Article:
It's a familiar tableau in American presidential campaigns: The party out of power runs against China policy and promises a tough new approach; the administration in power does its best with an unsatisfactory relationship. Mitt Romney is no different. His website proclaims:
"It is time to end the Obama administration's acquiescence to the one-way arrangements the Chinese have come to enjoy. We need a fresh and fearless approach to that trade relationship. Our first priority must be to put on the table all unilateral actions within our power to ensure that the Chinese adhere to existing agreements. Anyone with business experience knows that you can succeed in a negotiation only if you are willing to walk away. If we want the Chinese to play by the rules, we must be willing to say 'no more' to a relationship that too often benefits them and harms us."
Once alarmed by this sort of rhetoric, China now just sits back and waits for election season to pass. In 1979 Ronald Reagan accused Jimmy Carter of humiliating Taiwan and promised to renew official relations. In 1992 Bill Clinton proposed raising tariffs on Chinese goods to force the "butchers of Beijing" to reshape the Chinese political system. Romney's rhetoric this autumn focuses on economics rather than on high strategy or human rights, but promises an equally drastic reshaping of trade with China.
Once in office, Reagan and Clinton glumly concluded that the big changes they had promised would do more harm than good, and quietly dropped them.
Would a Romney administration be any different? Perhaps - but if there's to be a real breach, it will probably come from a different source.
Step back a bit for some perspective. American-Chinese ties have been uneasy for a generation. This is probably inevitable, given the mesh of prickly issues surrounding the relationship - an unfriendly accommodation on the status of Taiwan, an alloyed cooperation over opposing North Korea's nuclear program, growing concerns about muscular Chinese approaches to maritime sovereignty, as well as the intellectual property piracy and currency issues that Romney raises, or concerns over cyber-espionage and hacking of US government and company computers. And an often bad relationship may have structural reasons to worsen.
In a remarkable Brookings Institution dialogue, Addressing U.S.-China Strategic Distrust, Chinese scholar Wang Jisi describes a mindset among Chinese government and scholarly elites that could easily push the relationship into crisis. He describes a consensus, or near-consensus, in Beijing that the structure of global politics makes a basically cooperative relationship all but impossible:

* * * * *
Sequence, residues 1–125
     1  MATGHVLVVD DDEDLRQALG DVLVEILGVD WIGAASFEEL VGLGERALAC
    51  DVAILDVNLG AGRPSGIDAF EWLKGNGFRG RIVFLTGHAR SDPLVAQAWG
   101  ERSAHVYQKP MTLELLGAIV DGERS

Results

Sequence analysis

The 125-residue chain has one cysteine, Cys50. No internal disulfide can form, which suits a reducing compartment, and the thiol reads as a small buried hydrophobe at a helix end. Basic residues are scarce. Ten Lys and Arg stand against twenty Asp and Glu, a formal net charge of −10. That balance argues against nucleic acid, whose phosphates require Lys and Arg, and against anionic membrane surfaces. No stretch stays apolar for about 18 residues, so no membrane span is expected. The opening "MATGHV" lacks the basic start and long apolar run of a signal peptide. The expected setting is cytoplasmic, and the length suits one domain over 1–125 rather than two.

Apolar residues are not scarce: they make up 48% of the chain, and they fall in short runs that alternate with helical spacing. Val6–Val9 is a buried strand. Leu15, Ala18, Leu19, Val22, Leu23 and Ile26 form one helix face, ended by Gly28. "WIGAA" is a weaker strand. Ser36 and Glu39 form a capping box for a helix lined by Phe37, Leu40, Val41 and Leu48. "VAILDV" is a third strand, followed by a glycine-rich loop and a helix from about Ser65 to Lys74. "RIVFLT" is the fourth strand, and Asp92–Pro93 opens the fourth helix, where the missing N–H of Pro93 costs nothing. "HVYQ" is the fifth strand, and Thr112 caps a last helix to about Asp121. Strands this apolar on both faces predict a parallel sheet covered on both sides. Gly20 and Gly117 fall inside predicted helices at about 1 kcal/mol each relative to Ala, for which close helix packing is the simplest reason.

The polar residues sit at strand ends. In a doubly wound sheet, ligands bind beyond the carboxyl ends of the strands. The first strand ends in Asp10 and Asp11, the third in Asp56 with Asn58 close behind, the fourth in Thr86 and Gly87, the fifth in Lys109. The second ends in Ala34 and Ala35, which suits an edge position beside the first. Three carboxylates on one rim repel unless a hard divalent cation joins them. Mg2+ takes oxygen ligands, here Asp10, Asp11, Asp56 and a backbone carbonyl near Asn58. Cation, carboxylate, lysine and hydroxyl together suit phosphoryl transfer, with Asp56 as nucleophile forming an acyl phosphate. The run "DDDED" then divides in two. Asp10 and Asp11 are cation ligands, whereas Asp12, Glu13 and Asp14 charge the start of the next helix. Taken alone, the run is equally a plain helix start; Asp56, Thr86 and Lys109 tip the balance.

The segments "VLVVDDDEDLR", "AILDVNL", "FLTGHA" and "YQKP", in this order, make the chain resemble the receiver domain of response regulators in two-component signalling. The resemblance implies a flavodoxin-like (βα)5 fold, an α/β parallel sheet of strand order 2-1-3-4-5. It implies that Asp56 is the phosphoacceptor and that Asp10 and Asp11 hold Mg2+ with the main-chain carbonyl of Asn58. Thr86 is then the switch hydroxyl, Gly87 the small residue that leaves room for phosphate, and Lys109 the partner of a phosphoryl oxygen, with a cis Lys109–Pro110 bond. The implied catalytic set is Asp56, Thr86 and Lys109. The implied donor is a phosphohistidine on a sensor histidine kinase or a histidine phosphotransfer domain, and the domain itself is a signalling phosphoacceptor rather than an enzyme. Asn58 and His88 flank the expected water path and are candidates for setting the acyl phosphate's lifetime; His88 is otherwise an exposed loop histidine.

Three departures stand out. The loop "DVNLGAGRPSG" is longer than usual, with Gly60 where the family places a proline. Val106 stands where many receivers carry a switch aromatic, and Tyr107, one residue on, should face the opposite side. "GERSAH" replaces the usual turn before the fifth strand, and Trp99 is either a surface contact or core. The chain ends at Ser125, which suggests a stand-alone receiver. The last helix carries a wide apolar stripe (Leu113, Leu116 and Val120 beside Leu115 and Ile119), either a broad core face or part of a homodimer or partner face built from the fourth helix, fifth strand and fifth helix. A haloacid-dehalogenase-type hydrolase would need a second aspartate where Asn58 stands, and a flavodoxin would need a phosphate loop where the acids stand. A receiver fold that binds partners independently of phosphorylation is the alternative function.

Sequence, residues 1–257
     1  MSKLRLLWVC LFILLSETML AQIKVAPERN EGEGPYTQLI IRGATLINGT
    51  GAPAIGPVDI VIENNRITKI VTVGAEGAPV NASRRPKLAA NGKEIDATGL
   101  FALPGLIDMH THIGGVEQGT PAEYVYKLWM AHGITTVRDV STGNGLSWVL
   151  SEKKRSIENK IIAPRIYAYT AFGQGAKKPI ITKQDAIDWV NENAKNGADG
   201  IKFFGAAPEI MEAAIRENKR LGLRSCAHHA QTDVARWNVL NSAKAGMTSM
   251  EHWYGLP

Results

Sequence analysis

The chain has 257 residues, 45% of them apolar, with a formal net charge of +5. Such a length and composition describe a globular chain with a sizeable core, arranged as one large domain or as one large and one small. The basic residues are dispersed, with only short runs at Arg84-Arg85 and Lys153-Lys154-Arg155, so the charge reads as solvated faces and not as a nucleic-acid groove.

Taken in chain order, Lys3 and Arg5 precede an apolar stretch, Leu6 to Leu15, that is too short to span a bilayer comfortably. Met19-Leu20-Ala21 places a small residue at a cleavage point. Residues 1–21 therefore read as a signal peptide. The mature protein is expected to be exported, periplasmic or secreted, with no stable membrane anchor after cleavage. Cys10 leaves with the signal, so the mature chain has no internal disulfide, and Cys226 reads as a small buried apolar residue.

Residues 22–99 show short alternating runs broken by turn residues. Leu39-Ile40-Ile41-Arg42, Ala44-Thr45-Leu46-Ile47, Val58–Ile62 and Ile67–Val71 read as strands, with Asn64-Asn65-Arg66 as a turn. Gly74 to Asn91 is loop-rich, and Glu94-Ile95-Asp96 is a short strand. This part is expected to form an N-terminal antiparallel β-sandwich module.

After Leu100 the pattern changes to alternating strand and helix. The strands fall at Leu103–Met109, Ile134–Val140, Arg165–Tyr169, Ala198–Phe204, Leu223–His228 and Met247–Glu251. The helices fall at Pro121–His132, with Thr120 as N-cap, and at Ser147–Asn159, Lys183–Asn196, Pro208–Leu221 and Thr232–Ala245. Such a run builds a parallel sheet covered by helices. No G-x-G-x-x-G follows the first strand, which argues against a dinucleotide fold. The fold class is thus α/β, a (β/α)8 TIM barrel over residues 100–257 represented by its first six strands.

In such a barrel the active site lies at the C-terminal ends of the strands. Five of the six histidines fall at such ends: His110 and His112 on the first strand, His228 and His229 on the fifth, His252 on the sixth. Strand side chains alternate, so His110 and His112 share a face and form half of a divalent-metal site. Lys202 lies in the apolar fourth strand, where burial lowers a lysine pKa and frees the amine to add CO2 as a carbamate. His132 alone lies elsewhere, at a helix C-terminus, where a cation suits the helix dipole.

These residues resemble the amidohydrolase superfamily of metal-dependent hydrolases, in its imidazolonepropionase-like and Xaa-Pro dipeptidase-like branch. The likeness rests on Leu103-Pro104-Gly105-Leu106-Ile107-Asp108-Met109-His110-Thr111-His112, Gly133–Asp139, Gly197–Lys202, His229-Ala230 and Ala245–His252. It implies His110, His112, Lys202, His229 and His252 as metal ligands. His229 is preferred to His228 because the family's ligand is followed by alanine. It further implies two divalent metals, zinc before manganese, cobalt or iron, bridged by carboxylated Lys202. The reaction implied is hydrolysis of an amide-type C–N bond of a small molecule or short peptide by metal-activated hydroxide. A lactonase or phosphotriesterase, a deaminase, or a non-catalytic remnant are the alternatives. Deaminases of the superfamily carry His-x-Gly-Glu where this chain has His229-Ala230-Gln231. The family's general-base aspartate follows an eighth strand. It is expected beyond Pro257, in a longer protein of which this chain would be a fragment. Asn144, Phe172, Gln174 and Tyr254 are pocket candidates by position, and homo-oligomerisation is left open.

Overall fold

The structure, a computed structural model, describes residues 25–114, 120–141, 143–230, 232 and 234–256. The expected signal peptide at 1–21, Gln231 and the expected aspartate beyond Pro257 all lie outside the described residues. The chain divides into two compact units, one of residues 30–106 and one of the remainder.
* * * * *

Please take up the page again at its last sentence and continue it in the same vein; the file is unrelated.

"America's financial disorder, alarming deficit and unemployment rate, slow economic recovery and political polarization are viewed as but a few indicators that the United States is headed toward decline. ... It is strongly believed in China that the ultimate goal of the United States in world affairs is to maintain its hegemony and dominance and, as a result, Washington will attempt to prevent the emerging powers, in particular China, from achieving their goals and enhancing their stature."
If Wang's description is accurate - with a confident and suspicious Chinese elite, viewing the United States as inevitably driven to oppose Chinese goals based on a fear of losing power, and basing their own decisions on this premise - then the future is likely to be difficult regardless of American policy choices.
But if American choices over the next year are the decisive factor, then the future is likely to be much like the past two decades - mixing suspicion with cooperation, mutual economic dependence with arguments over policy.
A recent in-depth study of American opinion on China, conducted this summer by the Pew Research Center, reveals a public sympathetic to abstract calls for "toughness," but uninterested in a fight. Pew found that 45 percent of Americans want a "tougher" China policy, but 39 percent say the Obama administration's approach is "about right." Likewise a very large majority of the public, 86 percent, considers it "very important" or "somewhat important" to be tough with China on economic issues; but an even larger majority of 88 percent maintains that it is "very important" or "somewhat important" to build a strong relationship with China. The picture, then, is of a public that's not totally satisfied with policy, but by no means wants to walk away.